All-wheel drive can be configured for most of the trims.
The brake pedal was firm and effective in stop-and-go driving.
It scored "Good" in the crashworthiness tests of NHTSA.
Entering the vehicle was easy with its low ride height.
Legroom and headroom for the first and second rows were sufficient.
There's more seating capacity than its competitors in the crossover segment.
The seats were contoured to the body and remained comfortable in long drives.
Road imperfections were dampened well and caused little disturbance to the ride.
The price is attractive to those looking for maximum seating capacity in a smaller package.
The V6 engine of the Journey had a slow throttle response and lacked low-end grunt.
The crossover surprisingly still uses the very ancient 4-speed automatic transmission.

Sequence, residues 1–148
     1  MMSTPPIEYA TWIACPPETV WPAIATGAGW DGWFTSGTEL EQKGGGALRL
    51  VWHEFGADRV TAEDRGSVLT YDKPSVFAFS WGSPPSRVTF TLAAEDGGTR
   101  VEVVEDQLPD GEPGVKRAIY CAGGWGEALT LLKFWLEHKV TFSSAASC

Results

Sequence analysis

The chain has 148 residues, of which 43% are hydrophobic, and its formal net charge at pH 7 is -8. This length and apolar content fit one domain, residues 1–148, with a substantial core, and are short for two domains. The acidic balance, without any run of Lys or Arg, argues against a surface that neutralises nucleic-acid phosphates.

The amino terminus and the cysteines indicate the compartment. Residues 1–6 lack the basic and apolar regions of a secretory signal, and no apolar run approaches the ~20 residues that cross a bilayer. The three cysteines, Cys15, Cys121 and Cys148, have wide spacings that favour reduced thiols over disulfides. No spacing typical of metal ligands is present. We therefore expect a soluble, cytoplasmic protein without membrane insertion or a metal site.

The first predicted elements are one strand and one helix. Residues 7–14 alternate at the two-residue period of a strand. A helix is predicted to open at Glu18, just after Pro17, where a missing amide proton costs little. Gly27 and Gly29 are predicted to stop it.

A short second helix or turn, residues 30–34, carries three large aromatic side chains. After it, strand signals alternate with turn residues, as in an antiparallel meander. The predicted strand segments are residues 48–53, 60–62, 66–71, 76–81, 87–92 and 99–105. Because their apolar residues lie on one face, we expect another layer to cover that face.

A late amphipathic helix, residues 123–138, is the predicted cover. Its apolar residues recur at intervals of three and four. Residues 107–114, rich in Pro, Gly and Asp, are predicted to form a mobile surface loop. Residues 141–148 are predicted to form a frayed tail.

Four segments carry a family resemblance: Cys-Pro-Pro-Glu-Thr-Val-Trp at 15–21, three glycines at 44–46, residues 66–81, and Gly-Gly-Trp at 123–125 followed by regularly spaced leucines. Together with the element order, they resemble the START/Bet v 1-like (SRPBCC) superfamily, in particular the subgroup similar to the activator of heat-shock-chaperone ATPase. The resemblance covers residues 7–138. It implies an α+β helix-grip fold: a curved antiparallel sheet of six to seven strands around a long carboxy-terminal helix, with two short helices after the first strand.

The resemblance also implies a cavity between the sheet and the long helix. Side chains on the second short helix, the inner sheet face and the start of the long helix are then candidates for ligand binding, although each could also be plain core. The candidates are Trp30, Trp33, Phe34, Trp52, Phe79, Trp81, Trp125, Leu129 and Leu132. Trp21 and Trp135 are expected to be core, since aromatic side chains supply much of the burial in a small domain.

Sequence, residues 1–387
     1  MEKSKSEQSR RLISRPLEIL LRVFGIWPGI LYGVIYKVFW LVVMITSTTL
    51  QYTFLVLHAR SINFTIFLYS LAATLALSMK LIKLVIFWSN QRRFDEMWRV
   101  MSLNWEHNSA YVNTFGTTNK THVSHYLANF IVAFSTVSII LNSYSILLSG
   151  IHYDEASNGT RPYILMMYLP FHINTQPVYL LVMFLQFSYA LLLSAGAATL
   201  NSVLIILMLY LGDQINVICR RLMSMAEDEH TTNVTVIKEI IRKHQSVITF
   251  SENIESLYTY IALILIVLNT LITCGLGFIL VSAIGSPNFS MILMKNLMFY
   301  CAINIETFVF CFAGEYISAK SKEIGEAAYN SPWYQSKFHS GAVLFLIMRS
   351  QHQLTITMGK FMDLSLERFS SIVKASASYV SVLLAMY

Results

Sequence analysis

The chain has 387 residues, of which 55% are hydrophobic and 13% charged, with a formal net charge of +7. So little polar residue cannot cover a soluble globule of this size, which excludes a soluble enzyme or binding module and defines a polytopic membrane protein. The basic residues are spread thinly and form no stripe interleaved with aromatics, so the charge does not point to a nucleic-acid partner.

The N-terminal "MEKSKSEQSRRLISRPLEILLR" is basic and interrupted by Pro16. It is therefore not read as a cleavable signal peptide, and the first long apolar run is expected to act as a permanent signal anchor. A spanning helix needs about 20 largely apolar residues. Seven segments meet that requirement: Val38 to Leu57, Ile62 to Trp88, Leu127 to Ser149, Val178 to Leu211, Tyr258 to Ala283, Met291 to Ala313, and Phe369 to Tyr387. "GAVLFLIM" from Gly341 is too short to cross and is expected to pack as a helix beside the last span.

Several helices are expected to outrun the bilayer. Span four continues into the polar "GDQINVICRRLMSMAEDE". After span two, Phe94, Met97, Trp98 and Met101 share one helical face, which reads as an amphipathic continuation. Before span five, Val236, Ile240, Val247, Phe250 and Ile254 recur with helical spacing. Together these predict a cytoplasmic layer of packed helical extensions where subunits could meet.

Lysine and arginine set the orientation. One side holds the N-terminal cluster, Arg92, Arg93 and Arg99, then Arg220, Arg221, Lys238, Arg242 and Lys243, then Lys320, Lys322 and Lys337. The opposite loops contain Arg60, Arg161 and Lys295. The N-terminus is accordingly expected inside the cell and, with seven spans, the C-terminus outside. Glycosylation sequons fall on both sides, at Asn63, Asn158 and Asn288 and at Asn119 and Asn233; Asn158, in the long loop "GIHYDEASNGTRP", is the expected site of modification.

The handling was sluggish and body roll was noticeable.
The steering was not the most responsive and changing direction didn’t feel nimble.
Under intense braking, the body lurched forward and showed shakiness.
There is a lack of features for connecting smartphones and tablets.
It gained "Poor" rating in crash avoidance and mitigation test.
A minimal amount of advanced safety and driver aids were available even for the top-of-the-line trim.
The exterior is long overdue for a redesign, given the saturated market in the compact crossover category.
The base engine is less fuel efficient than other inline-4 engines given its bigger displacement and lack of turbocharging.